Natalie Kaddas: On Tax Day, small businesses call on Congress to help American manufacturing compete

U.S. manufacturing should be able to write off R&D expenses right away.

(Brennan Linsley | AP photo) In this Jan. 14, 2017, photo, tax professional and tax preparation firm owner Alicia Utley reaches for hard copies of tax forms while working to stay caught up at the start of the tax season rush in her offices at Infinite Tax Solutions, in Boulder, Colo.

The United States continues to lead the world through entrepreneurship and innovation, and I am proud to be part of that leadership as the CEO of a second-generation, family-owned manufacturing company based in Salt Lake City.

Kaddas Enterprises Inc. makes thermoformed plastic parts — components critical for energy resiliency projects here in America and around the world. We have long relied on familiar, pro-growth provisions in the tax code that promote business investment in research and experimentation to develop new products and technologies.

For nearly 70 consecutive years, businesses have been able to immediately deduct 100% of their research and development (R&D) expenses. As of January 2022, however, businesses are required to amortize their R&D investments over a period of five years or, in some cases, 15 years.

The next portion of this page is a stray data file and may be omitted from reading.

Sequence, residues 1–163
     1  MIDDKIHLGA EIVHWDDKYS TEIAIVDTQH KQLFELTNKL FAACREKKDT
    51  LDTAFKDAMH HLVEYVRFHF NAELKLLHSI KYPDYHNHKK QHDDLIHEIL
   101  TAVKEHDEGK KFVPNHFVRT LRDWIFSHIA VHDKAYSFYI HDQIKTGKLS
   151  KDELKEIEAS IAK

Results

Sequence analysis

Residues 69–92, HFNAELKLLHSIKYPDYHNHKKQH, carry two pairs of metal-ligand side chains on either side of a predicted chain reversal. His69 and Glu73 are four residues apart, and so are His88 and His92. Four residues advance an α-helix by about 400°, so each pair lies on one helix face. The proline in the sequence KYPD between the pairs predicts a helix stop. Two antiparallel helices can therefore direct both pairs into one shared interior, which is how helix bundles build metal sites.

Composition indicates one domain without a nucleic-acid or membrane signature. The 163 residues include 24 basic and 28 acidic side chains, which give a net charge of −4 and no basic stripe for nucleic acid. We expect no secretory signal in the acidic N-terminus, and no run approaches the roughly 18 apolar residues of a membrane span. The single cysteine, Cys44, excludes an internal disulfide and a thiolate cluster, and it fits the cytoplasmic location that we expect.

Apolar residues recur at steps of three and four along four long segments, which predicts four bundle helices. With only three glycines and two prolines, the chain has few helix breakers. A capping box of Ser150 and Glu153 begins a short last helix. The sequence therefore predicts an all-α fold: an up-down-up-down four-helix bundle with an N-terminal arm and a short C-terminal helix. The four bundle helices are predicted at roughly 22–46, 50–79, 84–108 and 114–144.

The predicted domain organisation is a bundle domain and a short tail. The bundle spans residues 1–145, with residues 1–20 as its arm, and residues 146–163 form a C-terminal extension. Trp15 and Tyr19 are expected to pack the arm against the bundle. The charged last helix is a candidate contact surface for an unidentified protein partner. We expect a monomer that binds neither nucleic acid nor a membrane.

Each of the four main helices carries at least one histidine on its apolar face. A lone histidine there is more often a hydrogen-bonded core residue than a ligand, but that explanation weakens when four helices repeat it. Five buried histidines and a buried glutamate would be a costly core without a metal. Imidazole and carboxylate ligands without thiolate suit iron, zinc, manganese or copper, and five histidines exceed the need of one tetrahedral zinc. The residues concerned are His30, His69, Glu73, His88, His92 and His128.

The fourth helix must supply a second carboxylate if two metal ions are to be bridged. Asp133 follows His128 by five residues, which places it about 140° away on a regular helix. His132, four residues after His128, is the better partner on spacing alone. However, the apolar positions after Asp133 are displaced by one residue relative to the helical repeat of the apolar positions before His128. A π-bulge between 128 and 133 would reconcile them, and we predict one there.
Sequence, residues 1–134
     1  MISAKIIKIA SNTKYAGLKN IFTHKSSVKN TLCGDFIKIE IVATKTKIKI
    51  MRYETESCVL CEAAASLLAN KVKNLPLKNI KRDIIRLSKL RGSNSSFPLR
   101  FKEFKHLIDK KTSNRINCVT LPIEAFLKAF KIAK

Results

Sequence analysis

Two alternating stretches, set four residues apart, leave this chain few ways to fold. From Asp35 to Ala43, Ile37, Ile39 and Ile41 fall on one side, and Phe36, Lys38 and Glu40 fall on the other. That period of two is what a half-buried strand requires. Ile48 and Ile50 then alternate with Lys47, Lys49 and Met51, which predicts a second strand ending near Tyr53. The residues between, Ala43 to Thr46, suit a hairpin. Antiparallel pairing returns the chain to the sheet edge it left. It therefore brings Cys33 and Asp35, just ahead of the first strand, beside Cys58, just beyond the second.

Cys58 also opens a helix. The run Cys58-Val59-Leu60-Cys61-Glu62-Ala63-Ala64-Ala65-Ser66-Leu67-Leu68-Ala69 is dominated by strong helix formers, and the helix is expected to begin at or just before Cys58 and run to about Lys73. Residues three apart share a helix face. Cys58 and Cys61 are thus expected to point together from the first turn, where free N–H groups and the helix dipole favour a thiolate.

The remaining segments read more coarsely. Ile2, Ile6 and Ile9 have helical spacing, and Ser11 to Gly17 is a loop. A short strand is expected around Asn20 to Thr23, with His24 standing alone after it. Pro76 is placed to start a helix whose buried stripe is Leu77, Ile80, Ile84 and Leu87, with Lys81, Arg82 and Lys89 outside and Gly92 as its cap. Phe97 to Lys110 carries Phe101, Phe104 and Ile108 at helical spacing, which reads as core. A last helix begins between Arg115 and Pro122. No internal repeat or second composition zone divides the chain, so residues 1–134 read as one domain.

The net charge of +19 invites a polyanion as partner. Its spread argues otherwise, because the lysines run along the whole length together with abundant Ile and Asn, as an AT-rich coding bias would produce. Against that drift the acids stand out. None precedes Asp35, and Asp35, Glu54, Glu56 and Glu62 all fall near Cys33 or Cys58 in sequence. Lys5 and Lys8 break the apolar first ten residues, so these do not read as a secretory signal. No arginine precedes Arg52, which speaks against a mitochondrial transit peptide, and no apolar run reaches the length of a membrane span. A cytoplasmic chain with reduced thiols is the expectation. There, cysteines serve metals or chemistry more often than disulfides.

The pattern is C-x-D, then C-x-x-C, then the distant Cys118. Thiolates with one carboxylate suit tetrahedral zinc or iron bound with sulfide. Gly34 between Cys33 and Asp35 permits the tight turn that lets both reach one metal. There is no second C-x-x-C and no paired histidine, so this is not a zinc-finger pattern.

The harsh impact of this tax law change cannot be overstated for small businesses like mine. Approximately 18% of our total wages support R&D investments, and our inability to fully deduct these wages on this year’s tax return has increased our tax burden by 35%. This increased tax bill limits our ability to make future capital purchases, grow our workforce, and invest in additional innovation.

Last month, U.S. Sens. Maggie Hassan, D-New Hampshire, and Todd Young, R-Indiana, introduced bipartisan legislation that would restore manufacturers’ ability to immediately deduct their R&D expenses from the income on which they are taxed. The American Innovation and Jobs Act would allow businesses like mine to invest back into our communities, hire additional employees, increase capital purchases and continue to innovate.

As chair of the U.S. Chamber of Commerce’s Small Business Council, I proudly support the Chamber’s push for passage of the American Innovation and Jobs Act in Congress. I have communicated that to my congressman and both Senators, and I urge all other small and midsize business owners to do the same.

Congress needs to do its job and restore businesses’ ability to immediately deduct their R&D investments and send the right message to free enterprise in America — that our country wants, needs and prioritizes domestic innovation to keep our economic edge.

Natalie Kaddas

Natalie Kaddas serves on the Salt Lake Chamber of Commerce’s Board of Governors and on the U.S. Chamber of Commerce Board of Directors, where she chairs the Small Business Council. Kaddas Enterprises is a second-generation family-owned thermoplastic manufacturing business that has operated in Utah for 50-years.